Novbre said:
    Linwelly said:

     

     Two ideas that might help....

    1)  if you can change the colour of the haze to a golden colour, it would be a perfect accent to a late afternoon southwest/desert scene, in which case you could keep it and not worry about how to get rid of it.

     

    2) The other idea was to hide or delete the car while you did the posing and and then add it back in at the end when you are ready to render.  That would save you some head aches during the posing part of the process.

     

    ~ Novbre

    1) I could probably get that through either switching to a more sunset-y skysphere or possibly mucking with the SSS of the glass. Experimentation time!

    2) Personally I prefer not to do that as I find posing in a vacuum difficult. Much more straight-forward to balance a bunch of constraints of varying hardness than just plopping a figure in space and trying to eyeball everything.

  • daybirddaybird Posts: 514

    Unfortunately, turning the cutout to 0 had no effect. I'm starting to doubt that it's a clipping issue. The downside of that is I have no idea what else could be doing this.

    I like your concept a lot and prefer the camera outside the car.

    Maybe you are right with the clippink issue. A had a similare problem a while ago. Look if you camera (the whole camera, not only the lense) intersect with some part (not only the window) of the car. 
     When yes, move it outside the car and look if the problem is solved. Even when not, please go ahead with your idea, i like the composition a lot. :)

    I think, the main focus is the person in the middle. Give her something in the hand, to show it the others. So, you have a reason , to let all others look at her and lead the viewer's eyes to her, as main point of interest.

    The driver has nearly the exact pose to look at her over the back mirror in the car, but you could improvise and create him with primitives.

  • daybirddaybird Posts: 514
    edited December 8

    After months of lack of inspiration, I saw yesterday a Tomb Raider intro and finally I got what I need to start a new picture.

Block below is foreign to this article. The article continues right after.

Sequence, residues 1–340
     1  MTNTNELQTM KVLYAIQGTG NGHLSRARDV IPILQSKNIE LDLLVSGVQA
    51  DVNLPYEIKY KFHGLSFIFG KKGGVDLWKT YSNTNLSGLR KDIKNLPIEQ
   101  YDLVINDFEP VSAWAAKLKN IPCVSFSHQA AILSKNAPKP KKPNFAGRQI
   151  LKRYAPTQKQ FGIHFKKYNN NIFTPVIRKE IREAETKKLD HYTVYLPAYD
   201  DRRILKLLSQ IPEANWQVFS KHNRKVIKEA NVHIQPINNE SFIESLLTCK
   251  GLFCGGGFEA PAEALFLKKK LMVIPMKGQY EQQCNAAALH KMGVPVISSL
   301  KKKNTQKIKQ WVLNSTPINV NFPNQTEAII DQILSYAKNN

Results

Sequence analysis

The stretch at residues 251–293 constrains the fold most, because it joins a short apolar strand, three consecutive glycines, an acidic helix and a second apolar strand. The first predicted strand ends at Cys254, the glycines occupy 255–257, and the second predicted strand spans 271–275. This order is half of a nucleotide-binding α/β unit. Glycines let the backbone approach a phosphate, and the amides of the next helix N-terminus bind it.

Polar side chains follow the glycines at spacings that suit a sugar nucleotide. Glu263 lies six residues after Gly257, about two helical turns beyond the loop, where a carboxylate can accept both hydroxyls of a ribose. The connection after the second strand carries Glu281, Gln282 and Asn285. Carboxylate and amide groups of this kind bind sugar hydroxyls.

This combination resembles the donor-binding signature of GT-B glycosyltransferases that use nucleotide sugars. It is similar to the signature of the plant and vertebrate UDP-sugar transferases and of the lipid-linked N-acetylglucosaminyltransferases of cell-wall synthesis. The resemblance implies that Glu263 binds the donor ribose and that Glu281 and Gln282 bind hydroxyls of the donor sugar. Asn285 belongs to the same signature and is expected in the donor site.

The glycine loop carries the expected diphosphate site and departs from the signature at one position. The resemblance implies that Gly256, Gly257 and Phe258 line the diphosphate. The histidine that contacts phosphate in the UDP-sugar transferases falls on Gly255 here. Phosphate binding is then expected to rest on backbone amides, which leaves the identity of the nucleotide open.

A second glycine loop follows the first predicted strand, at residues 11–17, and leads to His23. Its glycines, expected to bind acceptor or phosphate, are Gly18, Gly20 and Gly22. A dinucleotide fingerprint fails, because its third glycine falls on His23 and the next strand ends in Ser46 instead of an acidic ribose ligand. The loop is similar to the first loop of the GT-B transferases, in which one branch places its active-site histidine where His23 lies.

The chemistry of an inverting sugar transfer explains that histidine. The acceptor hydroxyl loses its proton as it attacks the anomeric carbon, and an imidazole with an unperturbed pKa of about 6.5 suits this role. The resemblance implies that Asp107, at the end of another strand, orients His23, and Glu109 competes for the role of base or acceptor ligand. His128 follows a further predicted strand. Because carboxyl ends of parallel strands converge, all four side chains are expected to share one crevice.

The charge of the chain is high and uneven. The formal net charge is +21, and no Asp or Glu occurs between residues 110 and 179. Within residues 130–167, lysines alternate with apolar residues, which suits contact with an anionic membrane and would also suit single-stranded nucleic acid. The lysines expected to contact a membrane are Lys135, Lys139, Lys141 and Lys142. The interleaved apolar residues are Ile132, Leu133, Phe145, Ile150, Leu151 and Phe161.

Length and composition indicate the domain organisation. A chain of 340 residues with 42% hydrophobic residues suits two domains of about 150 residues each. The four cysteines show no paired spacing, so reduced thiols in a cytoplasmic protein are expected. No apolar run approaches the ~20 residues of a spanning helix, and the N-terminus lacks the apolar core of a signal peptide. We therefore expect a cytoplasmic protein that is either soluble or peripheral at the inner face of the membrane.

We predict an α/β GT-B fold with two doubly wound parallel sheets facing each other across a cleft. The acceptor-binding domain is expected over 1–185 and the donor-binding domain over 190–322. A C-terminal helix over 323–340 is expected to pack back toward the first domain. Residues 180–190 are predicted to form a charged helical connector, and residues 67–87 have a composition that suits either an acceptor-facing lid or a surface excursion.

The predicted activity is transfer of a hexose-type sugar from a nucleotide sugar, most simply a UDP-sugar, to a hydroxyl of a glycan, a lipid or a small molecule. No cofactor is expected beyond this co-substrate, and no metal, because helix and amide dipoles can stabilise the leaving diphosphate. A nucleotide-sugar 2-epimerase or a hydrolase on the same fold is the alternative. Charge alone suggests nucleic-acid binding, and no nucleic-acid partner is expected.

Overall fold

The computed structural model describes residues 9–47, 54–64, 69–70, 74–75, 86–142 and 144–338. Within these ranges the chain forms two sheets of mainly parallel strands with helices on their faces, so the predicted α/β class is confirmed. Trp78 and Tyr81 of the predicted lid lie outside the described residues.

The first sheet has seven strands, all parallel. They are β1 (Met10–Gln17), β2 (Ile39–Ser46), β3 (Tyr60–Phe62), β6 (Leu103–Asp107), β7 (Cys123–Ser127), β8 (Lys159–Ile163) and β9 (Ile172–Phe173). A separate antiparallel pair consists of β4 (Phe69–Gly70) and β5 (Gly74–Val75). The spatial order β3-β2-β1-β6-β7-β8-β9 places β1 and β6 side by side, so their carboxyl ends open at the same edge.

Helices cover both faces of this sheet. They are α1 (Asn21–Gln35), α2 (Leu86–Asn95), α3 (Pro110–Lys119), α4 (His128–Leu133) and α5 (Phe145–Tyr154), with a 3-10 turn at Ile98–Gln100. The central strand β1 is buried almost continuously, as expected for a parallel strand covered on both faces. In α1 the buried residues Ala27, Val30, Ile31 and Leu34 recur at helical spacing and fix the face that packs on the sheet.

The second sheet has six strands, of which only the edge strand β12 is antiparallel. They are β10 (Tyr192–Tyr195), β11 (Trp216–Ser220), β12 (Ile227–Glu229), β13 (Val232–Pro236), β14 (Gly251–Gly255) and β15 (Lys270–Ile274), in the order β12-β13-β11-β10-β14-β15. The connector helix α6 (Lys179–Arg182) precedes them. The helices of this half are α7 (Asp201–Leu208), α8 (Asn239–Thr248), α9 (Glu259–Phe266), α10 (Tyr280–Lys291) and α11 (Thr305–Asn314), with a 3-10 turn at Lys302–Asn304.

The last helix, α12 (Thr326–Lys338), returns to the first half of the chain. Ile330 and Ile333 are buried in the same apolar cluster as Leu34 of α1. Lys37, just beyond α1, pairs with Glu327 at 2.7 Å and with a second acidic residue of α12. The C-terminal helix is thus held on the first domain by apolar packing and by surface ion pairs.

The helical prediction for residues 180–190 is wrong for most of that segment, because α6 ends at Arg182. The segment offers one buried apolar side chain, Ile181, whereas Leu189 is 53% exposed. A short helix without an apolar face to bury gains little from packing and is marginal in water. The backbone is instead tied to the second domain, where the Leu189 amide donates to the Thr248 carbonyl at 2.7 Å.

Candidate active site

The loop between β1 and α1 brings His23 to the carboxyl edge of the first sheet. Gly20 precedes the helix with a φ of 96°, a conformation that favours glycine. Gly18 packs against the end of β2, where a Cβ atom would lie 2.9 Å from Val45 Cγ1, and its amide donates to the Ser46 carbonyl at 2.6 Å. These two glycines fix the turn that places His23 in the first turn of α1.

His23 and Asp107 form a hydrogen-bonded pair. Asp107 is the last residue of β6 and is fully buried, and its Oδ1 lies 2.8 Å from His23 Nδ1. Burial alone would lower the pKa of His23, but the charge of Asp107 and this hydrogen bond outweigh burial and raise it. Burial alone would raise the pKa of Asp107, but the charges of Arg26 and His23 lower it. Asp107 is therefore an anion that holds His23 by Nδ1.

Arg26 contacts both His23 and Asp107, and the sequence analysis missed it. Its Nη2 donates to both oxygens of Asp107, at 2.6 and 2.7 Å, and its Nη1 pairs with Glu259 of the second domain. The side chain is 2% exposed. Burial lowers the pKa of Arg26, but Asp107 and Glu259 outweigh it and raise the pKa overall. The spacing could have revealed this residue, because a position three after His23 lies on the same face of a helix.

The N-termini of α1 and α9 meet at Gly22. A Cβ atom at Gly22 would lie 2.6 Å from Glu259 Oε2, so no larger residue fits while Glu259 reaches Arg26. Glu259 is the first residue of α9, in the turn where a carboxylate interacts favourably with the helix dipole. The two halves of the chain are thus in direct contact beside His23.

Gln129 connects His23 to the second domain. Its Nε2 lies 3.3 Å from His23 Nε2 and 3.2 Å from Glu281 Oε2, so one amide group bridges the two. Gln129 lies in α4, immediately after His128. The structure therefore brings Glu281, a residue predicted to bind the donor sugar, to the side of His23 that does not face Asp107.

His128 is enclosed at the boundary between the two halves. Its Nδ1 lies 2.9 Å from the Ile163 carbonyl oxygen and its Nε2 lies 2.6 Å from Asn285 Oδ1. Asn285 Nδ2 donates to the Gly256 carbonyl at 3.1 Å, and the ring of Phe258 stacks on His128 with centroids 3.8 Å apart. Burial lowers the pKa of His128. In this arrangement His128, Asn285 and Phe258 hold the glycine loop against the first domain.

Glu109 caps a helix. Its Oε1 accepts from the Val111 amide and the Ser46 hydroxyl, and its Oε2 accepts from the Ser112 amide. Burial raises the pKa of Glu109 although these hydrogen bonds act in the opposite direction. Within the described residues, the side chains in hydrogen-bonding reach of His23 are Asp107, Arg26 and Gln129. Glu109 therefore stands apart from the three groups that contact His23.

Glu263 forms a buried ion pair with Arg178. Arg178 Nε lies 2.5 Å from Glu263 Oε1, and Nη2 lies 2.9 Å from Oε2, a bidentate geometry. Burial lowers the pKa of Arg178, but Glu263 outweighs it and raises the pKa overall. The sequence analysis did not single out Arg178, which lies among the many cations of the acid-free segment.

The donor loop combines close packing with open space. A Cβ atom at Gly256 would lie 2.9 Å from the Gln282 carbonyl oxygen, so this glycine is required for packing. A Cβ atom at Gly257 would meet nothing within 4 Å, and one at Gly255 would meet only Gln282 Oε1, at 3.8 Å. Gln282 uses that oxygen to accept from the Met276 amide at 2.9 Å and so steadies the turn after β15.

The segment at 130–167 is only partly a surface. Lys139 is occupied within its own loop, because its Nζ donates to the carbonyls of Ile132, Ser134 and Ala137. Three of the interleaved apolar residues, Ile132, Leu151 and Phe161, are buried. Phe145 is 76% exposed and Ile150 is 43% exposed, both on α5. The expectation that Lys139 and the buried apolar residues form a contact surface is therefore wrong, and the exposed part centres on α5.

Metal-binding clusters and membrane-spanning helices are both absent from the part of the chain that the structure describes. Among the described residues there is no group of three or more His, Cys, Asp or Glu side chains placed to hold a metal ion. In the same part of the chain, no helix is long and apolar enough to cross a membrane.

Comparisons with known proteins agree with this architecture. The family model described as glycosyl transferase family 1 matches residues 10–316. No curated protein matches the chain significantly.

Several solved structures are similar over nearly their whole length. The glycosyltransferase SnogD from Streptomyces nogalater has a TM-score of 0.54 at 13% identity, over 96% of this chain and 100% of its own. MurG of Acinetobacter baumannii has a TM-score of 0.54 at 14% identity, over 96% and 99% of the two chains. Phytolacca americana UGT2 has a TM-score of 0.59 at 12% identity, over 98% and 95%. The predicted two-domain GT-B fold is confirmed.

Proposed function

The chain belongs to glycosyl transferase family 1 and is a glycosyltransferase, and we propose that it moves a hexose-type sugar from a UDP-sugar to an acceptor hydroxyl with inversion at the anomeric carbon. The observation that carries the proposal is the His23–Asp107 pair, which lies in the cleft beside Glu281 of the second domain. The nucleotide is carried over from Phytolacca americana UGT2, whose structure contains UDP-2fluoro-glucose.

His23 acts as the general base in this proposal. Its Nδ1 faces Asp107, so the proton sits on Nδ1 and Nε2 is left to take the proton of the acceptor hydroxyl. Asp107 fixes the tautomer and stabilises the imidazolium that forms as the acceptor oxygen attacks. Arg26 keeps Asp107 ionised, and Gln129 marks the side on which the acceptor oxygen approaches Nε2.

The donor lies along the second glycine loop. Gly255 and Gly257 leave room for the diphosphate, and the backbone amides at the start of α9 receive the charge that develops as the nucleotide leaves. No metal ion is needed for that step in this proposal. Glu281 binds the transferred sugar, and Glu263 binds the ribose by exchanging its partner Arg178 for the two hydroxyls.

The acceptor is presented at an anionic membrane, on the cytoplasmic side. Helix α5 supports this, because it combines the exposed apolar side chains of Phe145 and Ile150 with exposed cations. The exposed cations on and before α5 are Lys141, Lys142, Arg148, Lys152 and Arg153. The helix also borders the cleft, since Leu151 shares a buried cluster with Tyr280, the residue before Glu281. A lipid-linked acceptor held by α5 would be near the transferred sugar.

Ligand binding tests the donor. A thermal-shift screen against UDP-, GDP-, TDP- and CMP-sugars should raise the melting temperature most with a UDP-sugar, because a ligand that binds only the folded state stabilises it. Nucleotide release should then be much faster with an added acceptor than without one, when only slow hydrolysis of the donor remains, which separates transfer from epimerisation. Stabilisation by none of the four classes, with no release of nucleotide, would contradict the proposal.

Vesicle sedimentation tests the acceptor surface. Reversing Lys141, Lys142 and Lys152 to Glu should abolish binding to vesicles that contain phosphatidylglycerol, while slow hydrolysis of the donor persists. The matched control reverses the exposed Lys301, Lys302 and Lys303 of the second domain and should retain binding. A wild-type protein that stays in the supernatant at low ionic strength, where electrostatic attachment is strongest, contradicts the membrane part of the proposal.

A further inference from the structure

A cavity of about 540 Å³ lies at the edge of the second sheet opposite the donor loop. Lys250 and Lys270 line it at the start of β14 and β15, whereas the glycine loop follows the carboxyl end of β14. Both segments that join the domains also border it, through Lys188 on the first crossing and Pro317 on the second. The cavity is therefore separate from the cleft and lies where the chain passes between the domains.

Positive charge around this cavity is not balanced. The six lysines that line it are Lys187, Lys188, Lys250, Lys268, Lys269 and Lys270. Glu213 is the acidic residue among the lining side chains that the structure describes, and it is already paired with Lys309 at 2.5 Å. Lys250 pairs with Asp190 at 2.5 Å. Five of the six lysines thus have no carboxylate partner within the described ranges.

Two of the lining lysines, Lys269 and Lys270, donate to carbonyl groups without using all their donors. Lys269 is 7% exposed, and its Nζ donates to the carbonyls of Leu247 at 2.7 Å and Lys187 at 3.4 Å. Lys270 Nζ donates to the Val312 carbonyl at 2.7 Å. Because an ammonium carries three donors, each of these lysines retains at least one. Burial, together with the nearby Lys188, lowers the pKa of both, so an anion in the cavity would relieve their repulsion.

My first intention was, to only use the flames as light source, but the result was not so exhilarating.

    Now I have put two spotlights at each side of her, but still there are areas who are a little to dark for my taste.

    A great challenge, was to create the feeling of movement in the water. I used a couple of props and deformers to create the effect, but I'm not sure if it works.

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    Post edited by daybird on
  • NovbreNovbre Posts: 48

    @daybird

    I love the waster splashes just in front of her!

    Are the flames an object or a photo background?

     

    ~ Novbre

  • daybirddaybird Posts: 514
    Novbre said:

    @daybird

    I love the waster splashes just in front of her!

    Are the flames an object or a photo background?

     

    ~ Novbre

    Thx Novbre, the flames are a wonderful prop from adamthwaits

    https://www.renderosity.com/mod/freestuff/hell-fire-site-link-/56489

    , it's a few years old and freestuff, but still my favorite when I need flames.

    Maybe I need a little correction in the lumen setting, to make it look more natural, because I use it with iray now.

    There was a side, where they explain the best lumen for different effects, but I can't find it anymore. :(

  • Ment to post this after I got home from work, but here's version D. I changed the pose of the guy in the elevator, tweeked the positioning of his backpack so that his ear wasn't poking into it, and gave him a pair of droids as backup.

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  • I am pretty new to daz as I am trying to learn it fully. This was my second render and I kind of know already after some great tips and help from people on my Newb post what is wrong with it. I have another one that goes with it and the first one I ever did but figured I would just post this one. I have only been doing this for a few weeks. I used Daz along time ago but it was very brief and not knowing a thing about it so that time really did not count lol. Any more tips would be welcomed:).

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  • testingtesterson35testingtesterson35 Posts: 16
    edited December 9

    Here's mine. The first 2 pics are titled "All That's Left: Just a Broken Shell of What Was Before" (2 versions of same idea) 
    The second one (3rd picture) is titled "Can No Longer Find the Words".
     I'm new on here and new to 3D/digital art in general. Just here to learn, and whatever critiques and pointers someone can offer I do appreciate. I just looked through some of the previous months to try to gain a better understanding of concepts along with putting as much time as possible into learning Daz Studio.
    I created the characters, morphing, configured poses and scene arrangements, added props along with the lighting (Mesh lighting along with the warm spot&point lights from "physical sources" inside the therapist's office), developed the backgrounds and overall composition. I adjusted and introduced new materials and shader presets to better suit the narrative, mood and tone, and implemented new textures particularly with the clothing. I know there's plenty lacking and again I'm new and so all too much room to grow and that's why I'm here too.

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    All that's Left B.jpg